Prevent Plumbing Freezes

Make sure you know where your main shut off is in the event of an emergency. To avoid any headaches, drain your garden hose, insulate exposed plumbing pipes, drain air conditioner pipes and if your AC unit has a water shut off valve, turn it off. If you plan to leave on vacation or for an extended amount of time, keep your heat on and set it to at least 12˚C.

Give us a call at (519) 669-3362 for any plumbing concerns, issues or advice.

CJ Brubacher has you covered!

Prepare an Emergency Kit

Severe weather can strike at any moment. Being prepared is key to keeping your family safe and comfortable. Your kit should include indoor candles, matches/lighter for use during a power failure. Having a battery backup can help charge your devices should you need to contact anyone during power failure. Pack extra bottles of water, non-perishable food supplies (don’t forget about your pets!), blankets, and a first-aid kits. This kit should be stored in a spot that is easily accessible and dry. You may want to consider a generator to eliminate down time at your home. Also, preparing an evacuation plan in the event of an emergency can give you peace of mind knowing that your family knows what to do. Putting the contacts of your utility companies, and trusted repair team, like C.J. Brubacher ((519) 669-3362), in your phone will help eliminate trying to locate them should an emergency arise.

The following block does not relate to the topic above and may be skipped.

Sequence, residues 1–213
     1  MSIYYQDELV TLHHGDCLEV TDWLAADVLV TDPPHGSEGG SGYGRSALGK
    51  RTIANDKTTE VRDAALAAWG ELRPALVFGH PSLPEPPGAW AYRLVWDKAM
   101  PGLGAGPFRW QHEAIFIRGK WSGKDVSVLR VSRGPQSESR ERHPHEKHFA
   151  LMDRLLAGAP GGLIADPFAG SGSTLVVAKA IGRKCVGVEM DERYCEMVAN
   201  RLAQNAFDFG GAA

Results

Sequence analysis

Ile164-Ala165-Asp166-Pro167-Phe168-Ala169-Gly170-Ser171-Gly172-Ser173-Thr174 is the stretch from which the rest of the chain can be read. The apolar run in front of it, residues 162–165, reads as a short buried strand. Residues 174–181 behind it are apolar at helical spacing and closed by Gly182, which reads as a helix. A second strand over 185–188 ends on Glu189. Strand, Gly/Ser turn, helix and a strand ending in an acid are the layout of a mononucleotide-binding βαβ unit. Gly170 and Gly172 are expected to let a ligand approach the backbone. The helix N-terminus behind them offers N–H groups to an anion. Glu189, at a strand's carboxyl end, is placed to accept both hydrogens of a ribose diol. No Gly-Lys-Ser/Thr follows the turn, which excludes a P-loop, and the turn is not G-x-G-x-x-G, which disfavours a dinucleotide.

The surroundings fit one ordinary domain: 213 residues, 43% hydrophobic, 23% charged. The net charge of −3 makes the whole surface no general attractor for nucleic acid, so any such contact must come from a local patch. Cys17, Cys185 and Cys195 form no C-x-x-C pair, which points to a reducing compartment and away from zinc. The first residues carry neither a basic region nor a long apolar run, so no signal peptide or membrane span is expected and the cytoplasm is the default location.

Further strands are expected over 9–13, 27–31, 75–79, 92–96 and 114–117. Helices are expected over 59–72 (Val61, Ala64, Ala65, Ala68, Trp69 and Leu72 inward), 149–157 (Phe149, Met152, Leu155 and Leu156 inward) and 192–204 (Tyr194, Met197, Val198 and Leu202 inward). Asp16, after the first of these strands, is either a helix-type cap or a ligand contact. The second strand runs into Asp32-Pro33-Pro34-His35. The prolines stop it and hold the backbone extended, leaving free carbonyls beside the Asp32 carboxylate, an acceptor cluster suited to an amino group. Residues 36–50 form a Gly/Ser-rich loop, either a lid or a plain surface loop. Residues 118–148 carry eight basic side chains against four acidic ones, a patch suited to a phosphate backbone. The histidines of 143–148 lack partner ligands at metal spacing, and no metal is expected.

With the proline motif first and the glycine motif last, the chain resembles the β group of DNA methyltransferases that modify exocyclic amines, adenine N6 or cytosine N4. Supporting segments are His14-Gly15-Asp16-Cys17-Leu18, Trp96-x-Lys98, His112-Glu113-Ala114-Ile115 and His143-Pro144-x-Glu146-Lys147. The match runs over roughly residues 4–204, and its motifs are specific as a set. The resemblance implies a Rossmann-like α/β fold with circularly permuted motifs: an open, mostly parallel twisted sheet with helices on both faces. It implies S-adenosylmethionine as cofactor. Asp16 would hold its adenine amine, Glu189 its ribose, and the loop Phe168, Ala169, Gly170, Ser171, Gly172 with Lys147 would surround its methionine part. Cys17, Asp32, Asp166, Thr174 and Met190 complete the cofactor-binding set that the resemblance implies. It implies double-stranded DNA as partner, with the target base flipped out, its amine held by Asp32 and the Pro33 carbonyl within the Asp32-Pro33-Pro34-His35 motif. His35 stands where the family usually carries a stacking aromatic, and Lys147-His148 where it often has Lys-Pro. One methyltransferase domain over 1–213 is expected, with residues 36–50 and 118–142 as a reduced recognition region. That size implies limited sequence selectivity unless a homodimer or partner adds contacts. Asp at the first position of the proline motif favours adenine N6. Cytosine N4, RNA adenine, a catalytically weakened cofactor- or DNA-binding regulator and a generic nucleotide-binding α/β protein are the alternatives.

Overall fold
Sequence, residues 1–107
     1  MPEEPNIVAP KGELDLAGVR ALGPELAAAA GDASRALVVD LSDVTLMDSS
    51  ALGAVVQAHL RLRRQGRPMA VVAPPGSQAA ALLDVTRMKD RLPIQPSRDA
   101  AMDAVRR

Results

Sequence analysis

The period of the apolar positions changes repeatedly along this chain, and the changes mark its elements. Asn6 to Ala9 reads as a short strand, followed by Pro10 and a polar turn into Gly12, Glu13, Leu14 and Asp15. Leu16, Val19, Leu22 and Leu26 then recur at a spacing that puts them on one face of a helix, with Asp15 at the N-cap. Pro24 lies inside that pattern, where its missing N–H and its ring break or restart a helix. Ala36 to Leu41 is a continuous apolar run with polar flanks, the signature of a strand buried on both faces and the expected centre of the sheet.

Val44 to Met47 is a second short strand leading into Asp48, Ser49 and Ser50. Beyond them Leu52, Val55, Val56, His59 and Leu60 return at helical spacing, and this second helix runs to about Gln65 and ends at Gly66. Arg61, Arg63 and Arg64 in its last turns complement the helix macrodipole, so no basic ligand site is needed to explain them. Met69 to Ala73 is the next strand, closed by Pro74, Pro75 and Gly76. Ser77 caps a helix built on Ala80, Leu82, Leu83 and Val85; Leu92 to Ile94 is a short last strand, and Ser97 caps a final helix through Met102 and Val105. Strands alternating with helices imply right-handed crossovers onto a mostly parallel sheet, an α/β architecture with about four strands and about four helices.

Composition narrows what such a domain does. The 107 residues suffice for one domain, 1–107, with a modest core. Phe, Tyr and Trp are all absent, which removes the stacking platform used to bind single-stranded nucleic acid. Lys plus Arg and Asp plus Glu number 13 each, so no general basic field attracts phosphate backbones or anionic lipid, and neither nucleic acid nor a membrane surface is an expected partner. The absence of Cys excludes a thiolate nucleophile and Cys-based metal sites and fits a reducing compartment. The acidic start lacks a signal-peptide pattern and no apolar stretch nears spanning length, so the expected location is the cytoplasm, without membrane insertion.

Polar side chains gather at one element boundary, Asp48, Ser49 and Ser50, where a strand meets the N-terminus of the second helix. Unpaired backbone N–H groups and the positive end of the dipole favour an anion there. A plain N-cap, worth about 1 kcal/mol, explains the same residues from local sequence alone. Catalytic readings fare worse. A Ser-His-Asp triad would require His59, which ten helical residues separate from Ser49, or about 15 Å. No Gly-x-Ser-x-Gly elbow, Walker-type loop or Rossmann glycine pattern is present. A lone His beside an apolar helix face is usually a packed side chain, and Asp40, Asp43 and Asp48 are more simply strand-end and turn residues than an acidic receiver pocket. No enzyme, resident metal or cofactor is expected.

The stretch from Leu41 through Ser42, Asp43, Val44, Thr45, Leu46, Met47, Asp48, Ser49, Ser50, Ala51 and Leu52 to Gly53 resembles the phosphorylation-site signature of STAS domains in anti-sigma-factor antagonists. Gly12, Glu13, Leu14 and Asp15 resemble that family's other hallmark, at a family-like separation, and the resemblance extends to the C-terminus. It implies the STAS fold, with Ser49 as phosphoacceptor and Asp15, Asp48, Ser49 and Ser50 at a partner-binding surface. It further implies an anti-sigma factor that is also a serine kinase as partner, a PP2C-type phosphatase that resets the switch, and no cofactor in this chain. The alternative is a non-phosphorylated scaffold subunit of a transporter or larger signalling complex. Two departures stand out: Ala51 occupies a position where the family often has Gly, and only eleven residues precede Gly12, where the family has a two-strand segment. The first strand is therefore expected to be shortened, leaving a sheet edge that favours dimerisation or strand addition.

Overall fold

Being proactive is always recommended, especially when dealing with an investment like your home.

Have any questions for our team? Need some assistance? Give us a call at (519) 669-3362 and book an appointment.